Vicars, Hedley Shafto Johnstone (DNB00)

From Wikisource
Jump to navigation Jump to search

VICARS, HEDLEY SHAFTO JOHNSTONE (1826–1855), officer in the Crimea, was born in the Mauritius on 7 Dec. 1826, where his father, Richard Vicars (d. 1839), a captain in the royal engineers, was then stationed. After passing his examinations at Woolwich, he on 22 Dec. 1843 received a commission in the 97th regiment, and in the following year proceeded to Corfu. On 6 Nov. 1846 he obtained his lieutenancy. In 1848 his regiment was removed to Jamaica, and in 1851 to Canada. In November of that year his mind took a serious turn, and henceforward his character was changed. He associated with Dr. Twining, the garrison chaplain at Halifax, became a Sunday-school teacher, visited the sick, and took every opportunity of reading the scriptures and praying with the men of his company. In 1852 he became adjutant of his regiment. In May 1853 the regiment returned to England, and in August he resigned the adjutancy. He also became a frequent attendant of meetings held at Exeter Hall and an active member of the Soldiers' Friendly Society, besides holding meetings with railway navvies on many occasions. Before his regiment left England for the Crimea, early in 1854, it was reported that ‘since Mr. Vicars became so good, he has steadied about four hundred men in the regiment.’ At the Piræus many men of the 97th died of cholera, and Vicars while conducting the burial parties took every opportunity of addressing the spectators at the graves. On 3 Nov. 1854 he was promoted to the rank of captain. On 20 Nov. 1854 he landed in the Crimea, and, with his regiment, took part in the siege of Sebastopol. Here he continued his religious work, holding prayer meetings in his tent, visiting the sick in the hospitals, and carefully looking after his men. On the night of 22 March 1855, while he was in the trenches, the Russians made a sortie in force from Sebastopol, and, taking the English by surprise, drove them out of their trenches. Vicars, keeping his men in hand, fired a volley into the enemy at twenty paces, and then ‘charging’ with the 97th he drove the Russians back and regained possession of the trenches. He cut down two men with his own hand before he fell, bayoneted and shot through the right shoulder. He was buried on the following day on the Woronzoff road, close to the milestone. In his despatch on 6 April Lord Raglan made special mention of Vicars's gallantry. ‘The Memorials of Captain Hedley Vicars’ (with a portrait and a view of his grave), by the author of ‘The Victory Won,’ i.e. Catherine M. Marsh, was published soon after his death. It had a large circulation, and was translated into French, German, and Italian.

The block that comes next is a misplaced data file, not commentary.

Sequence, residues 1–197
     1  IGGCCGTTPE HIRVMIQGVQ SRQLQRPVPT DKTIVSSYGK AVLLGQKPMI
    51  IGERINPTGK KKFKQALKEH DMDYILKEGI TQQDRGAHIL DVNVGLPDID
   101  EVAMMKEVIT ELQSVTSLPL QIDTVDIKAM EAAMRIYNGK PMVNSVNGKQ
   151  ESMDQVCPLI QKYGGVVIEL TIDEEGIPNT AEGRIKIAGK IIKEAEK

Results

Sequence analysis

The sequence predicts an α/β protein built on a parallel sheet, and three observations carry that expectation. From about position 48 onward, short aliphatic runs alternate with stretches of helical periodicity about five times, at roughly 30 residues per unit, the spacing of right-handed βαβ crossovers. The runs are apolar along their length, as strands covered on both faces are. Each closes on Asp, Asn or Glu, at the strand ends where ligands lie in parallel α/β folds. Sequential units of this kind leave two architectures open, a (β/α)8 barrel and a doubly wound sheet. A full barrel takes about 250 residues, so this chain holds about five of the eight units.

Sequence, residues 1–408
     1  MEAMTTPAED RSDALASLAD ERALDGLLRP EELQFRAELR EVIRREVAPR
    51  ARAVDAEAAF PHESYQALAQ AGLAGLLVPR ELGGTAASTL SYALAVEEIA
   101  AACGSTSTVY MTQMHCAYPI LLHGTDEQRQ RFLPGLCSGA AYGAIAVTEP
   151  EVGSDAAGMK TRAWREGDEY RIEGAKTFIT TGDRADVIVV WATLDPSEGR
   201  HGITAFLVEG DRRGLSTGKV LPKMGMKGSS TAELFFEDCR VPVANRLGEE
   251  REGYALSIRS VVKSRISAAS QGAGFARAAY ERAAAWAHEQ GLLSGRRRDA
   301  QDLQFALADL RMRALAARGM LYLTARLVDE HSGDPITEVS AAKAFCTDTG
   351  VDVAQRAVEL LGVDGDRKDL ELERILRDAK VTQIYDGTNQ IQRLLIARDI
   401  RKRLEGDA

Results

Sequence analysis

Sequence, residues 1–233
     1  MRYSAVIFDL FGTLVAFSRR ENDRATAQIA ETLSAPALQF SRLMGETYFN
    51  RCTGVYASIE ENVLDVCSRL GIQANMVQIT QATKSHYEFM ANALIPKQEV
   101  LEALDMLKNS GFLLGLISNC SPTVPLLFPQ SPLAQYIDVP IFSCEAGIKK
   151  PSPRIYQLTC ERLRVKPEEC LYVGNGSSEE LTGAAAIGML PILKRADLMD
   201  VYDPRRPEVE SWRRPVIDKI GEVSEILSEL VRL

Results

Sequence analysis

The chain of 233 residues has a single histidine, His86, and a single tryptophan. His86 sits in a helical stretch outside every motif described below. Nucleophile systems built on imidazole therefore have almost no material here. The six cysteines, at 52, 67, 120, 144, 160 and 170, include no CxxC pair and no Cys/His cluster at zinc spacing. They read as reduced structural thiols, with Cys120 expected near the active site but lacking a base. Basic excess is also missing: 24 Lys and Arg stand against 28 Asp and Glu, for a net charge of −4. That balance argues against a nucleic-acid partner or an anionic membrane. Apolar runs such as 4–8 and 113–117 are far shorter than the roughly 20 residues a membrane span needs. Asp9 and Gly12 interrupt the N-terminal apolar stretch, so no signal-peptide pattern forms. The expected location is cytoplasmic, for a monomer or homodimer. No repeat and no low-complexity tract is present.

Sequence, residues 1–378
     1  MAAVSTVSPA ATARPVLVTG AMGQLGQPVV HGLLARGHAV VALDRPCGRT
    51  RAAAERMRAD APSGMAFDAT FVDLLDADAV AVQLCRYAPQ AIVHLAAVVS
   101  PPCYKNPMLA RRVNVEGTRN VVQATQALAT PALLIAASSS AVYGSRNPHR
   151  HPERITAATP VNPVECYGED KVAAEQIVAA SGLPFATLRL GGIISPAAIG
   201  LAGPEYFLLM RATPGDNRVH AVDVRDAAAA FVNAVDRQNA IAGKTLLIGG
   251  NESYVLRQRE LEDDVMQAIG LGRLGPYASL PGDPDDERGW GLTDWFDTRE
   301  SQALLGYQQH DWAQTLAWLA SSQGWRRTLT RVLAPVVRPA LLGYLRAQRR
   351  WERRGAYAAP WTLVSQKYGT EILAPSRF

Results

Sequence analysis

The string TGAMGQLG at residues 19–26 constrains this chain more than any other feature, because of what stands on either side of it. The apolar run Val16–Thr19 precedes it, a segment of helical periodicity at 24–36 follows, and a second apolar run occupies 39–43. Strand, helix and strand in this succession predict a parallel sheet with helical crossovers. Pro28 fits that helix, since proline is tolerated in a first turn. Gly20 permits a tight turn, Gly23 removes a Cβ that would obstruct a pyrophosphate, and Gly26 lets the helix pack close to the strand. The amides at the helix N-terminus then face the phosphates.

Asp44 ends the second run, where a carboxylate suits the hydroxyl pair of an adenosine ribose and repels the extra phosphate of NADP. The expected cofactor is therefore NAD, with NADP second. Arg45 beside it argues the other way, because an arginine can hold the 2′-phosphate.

[The Story of Hedley Vicars, by Lucy Taylor. 1894, with portrait; ‘H. V., captain in H.M. 97th Regiment,’ 1869; Walking with God before Sebastopol: Reminiscences of the late Captain Vicars, 1855; Military Obituary, 1855. In the Rev. S. F. Harris's Earnest Young Heroes (1896) a memoir of Vicars, with a portrait, is given on pp. 3–36.]

G. C. B.